Published: 20 May 2016
The Equality and Human Rights Commission (EHRC) has welcomed the positive judgement released today on Hunter v Student Awards Agency for Scotland, The Scottish Ministers, and others which found that refusing a student loan to a person because of their age breached Human Rights and equality law.
Elizabeth Hunter challenged the policy of the Student Awards Agency not to award loans to people aged over 55. The Court of Session judgement found this policy was incompatible with European Convention on Human Rights because it unfairly restricted the benefits of finance for higher education to people under the age of 55. The Court also found that Scottish Ministers had breached their duty under the Equality Act to review its equality implications when other changes were made. The Court found that the policy had a 'stark age cut-off' which was clearly discriminatory.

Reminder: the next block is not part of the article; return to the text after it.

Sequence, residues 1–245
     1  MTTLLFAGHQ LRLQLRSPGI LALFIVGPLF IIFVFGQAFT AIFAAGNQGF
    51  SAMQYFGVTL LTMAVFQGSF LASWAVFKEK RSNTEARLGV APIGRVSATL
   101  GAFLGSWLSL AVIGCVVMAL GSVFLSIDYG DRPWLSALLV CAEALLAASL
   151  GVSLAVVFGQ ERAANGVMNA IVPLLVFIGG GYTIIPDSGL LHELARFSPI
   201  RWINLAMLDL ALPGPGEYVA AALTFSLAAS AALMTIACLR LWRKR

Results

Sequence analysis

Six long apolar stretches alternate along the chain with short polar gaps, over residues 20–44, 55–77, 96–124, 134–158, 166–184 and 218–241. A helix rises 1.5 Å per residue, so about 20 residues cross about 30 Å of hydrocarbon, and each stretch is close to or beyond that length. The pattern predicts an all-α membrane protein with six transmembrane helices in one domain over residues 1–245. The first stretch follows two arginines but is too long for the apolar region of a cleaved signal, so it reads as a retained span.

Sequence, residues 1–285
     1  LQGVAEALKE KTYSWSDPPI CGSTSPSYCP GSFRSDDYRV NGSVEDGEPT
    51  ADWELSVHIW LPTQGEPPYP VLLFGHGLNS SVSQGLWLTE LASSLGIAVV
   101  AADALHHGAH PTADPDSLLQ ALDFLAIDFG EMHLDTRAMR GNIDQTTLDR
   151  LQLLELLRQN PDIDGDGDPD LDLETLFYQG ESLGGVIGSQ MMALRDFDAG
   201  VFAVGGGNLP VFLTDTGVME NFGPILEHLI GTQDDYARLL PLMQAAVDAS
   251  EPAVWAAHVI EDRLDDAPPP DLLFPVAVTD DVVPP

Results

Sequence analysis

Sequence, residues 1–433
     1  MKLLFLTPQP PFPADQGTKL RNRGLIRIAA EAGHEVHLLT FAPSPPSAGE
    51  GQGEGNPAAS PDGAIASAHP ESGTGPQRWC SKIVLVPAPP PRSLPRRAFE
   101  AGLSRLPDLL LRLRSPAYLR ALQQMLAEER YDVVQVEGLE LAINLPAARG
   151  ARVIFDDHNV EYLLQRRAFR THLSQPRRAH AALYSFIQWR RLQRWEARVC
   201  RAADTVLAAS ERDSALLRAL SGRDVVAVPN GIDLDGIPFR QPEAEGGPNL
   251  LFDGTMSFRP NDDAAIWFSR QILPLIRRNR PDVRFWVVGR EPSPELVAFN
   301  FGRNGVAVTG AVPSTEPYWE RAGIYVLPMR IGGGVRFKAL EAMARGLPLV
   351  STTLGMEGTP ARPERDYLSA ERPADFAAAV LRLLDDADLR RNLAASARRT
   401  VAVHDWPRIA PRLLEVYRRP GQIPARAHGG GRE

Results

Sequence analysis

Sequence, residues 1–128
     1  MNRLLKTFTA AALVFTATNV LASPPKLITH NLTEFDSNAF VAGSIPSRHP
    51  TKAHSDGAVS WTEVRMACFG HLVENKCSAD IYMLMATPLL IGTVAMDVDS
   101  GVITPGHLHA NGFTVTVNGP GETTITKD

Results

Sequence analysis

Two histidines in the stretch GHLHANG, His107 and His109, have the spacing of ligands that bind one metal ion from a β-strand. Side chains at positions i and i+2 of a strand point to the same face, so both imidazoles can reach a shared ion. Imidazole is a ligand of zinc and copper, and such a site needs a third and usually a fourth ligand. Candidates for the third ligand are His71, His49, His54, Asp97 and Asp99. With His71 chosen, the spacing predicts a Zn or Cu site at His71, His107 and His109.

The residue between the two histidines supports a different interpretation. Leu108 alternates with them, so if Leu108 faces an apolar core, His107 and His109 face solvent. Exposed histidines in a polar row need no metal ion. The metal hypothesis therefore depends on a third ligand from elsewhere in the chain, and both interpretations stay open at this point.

Welcoming the decision Alastair Pringle, Director of the EHRC in Scotland, said:
"This is a real victory against age discrimination. Restricting the availability of student loans to only those under 55 will obviously impact on older people’s ability to study and increase their skills. At a time when many older Scots are struggling to secure well paid work this judgement offers hope to many. We’re also really pleased to see the Court recognising that Scottish Ministers have a duty to appraise their policies to make sure that they are up to date, relevant, and justifiable. In this case the failure to review meant that an out of date policy which caused obvious discrimination has been struck down."
Notes to editors
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Petition of Elizabeth Hunter v (First) Student Awards Agency for Scotland, (Second) the Scottish Ministers, (Third) the Right Honourable Lord Wallace Of Tankerness, the Advocate General for Scotland and (Fourth) the Right Honourable Frank Mulholland QC, the Lord Advocate